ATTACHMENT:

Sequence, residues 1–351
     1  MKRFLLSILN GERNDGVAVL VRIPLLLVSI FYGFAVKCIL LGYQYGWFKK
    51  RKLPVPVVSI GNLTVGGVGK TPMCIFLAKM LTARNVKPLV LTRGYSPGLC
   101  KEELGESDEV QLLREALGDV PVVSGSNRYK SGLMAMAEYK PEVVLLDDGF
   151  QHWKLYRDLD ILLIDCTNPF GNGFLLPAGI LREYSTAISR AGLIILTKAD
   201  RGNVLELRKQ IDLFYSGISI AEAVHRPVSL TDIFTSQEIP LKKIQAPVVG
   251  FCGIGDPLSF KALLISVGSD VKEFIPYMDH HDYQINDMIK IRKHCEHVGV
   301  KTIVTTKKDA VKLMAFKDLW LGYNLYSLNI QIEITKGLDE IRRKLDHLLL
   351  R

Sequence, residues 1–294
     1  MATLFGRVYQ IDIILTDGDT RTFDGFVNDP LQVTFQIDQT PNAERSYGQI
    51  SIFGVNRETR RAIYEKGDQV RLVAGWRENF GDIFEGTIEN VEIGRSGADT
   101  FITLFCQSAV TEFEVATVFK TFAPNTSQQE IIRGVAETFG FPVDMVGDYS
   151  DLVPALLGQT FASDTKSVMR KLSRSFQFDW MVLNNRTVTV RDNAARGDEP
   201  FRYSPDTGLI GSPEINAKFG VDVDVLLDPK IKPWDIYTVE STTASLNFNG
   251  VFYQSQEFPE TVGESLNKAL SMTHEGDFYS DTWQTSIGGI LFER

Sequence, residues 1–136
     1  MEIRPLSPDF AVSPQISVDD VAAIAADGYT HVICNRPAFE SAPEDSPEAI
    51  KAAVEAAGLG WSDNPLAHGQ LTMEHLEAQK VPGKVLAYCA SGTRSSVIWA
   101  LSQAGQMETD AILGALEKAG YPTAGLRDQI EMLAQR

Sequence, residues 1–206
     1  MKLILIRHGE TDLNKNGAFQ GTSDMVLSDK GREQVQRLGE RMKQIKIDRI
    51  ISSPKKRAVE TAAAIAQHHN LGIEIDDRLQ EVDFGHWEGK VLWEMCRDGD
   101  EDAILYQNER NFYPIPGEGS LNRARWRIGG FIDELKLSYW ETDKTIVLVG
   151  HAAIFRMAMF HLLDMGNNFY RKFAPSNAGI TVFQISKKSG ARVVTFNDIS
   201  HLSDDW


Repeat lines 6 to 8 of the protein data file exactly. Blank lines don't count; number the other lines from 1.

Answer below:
   201  RGNVLELRKQ IDLFYSGISI AEAVHRPVSL TDIFTSQEIP LKKIQAPVVG
   251  FCGIGDPLSF KALLISVGSD VKEFIPYMDH HDYQINDMIK IRKHCEHVGV
   301  KTIVTTKKDA VKLMAFKDLW LGYNLYSLNI QIEITKGLDE IRRKLDHLLL